Sep 29, 2018

Robida's Fantastic Drawings of the "Twentieth Century"

On Monday, the podcast returns for Season 3!  I have quite a line-up planned, with plenty of variety, so stay tuned for that.

As a sneak peek - Monday's episode features two French authors: Jules Verne and Albert Robida. Both authors wrote futuristic, coming-of-age novels set in the 20th century.  I'll talk about their predictions in the episode, but for now, check out these illustrations by Robida:

An air-yacht


Robida vingtieme siecle p69 1
A floating casino


Robida vingtieme siecle p68 1
A house in the clouds


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Dueling journalists


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Taking the tube

Sep 26, 2018

"My Kinsman, Major Molineux"

Fields Hawthorne Ticknor ca1863 byJWBlack
Portrait of James Thomas Fields (1817-1881),
Nathaniel Hawthorne (1804-1864),
and William Davis Ticknor (1810-1864).

Over on Instagram, I'd mentioned I've been getting into Hawthorne's short stories again.  He's a favorite author of mine, and when I read the collection Twice Told Tales (already five years ago, wow!), I was blown away by the craft of his shorter works.  I finally broke down and bought the complete Tales and Sketches, and for my first reading chose "My Kinsman, Major Molineux," one of the more famous ones.

The story is set up simply enough: a young man and clergyman's son, Robin, sets out one day to seek his fortune.  More specifically, he leaves the countryside and arrives in Boston in order to get in touch with Major Molineux, a relative who had once offered to help him get started in life.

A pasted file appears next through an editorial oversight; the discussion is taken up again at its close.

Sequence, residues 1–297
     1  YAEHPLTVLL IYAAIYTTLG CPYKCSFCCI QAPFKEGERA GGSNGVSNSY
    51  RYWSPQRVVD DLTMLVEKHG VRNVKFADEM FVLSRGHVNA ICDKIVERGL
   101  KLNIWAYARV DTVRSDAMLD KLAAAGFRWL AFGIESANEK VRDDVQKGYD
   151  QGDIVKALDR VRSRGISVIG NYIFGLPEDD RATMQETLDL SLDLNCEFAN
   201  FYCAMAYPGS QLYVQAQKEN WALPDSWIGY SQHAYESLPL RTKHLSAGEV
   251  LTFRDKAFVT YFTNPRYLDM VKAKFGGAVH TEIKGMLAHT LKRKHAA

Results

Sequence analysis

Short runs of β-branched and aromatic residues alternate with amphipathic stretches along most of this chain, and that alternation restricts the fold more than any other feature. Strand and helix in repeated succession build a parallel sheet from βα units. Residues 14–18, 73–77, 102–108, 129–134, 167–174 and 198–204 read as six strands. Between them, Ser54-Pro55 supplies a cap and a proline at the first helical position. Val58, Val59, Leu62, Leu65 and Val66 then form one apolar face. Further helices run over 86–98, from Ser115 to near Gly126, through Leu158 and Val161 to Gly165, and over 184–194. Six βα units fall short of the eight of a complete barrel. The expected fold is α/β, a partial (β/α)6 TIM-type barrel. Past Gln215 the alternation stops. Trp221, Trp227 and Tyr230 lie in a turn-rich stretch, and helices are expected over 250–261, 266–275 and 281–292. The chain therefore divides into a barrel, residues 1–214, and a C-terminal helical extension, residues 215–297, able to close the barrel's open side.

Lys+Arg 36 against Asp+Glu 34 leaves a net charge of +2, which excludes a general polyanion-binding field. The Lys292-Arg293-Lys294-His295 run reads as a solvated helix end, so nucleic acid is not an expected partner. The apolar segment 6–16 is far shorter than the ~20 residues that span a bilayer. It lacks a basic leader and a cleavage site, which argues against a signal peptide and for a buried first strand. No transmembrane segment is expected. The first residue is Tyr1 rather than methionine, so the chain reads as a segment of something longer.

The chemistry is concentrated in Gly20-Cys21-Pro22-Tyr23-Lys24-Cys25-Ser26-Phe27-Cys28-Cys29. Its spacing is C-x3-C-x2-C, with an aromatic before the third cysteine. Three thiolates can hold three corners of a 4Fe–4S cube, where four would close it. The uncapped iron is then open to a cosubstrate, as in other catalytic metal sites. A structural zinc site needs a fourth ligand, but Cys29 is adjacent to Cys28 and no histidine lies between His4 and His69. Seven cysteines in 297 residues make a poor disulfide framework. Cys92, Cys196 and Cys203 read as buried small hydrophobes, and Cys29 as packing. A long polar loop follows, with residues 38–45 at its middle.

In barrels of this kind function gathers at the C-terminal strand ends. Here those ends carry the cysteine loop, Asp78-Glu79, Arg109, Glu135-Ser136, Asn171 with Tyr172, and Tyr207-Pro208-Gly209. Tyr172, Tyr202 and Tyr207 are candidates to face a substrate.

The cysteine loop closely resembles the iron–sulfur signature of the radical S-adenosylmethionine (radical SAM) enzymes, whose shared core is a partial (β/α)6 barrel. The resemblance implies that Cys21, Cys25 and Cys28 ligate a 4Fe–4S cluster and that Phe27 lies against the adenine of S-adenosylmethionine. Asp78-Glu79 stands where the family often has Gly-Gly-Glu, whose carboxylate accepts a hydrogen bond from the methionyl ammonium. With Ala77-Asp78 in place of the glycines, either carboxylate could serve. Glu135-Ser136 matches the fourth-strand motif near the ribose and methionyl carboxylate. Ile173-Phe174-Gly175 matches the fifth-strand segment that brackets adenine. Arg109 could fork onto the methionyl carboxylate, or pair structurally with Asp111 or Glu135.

It's a dark, gloomy night in Boston.  Robin goes from door to door, inquiring for his kinsman.  Everyone laughs at him, while he wanders through the streets looking for at least one towns-person who will listen to him seriously.  Finally, he meets a man who tells him to wait by the church, because Major Molineux will soon arrive.  Shortly after, Robin hears the voices of a crowd in the next street.  When they at last turn the corner, he is unprepared for what he sees.

For such a simple, subtle buildup, this story ends with a punchline I was not expecting.  I've left out the ending to avoid spoilers, but in short, it was disturbing.  At the same time, this twist opens up the story to a larger realm of questions, just as it closes this peek into Robin's life.  This is what makes Hawthorne's style so powerful, even as it seems fairly conventional on the surface.

Have you read any of Hawthorne's short stories, and if so, what are your favorites?

Sep 24, 2018

Ten TBR Classics by My Favorite Authors

This week's Top Ten Tuesday challenges us to come up with to-be-read books by our favorite authors...

1. Nathaniel Hawthorne: The Scarlet Letter
Yes, I probably sound like a broken record, but I still haven't read this one.

2. Joseph Conrad: Nostromo

3. Franz Kafka: Diaries
Diaries...that's a little awkward. 

4. Jules Verne: From the Earth to the Moon

5. Agatha Christie: The rest of the Poirot series
It's been over a decade since I read it, so I might just start over.

6. Charlotte Bronte: The Professor and Emma

7. Sir Arthur Conan Doyle: The Firm of Girdlestone
This is getting obscure, but Doyle's lesser-known works rarely disappoint.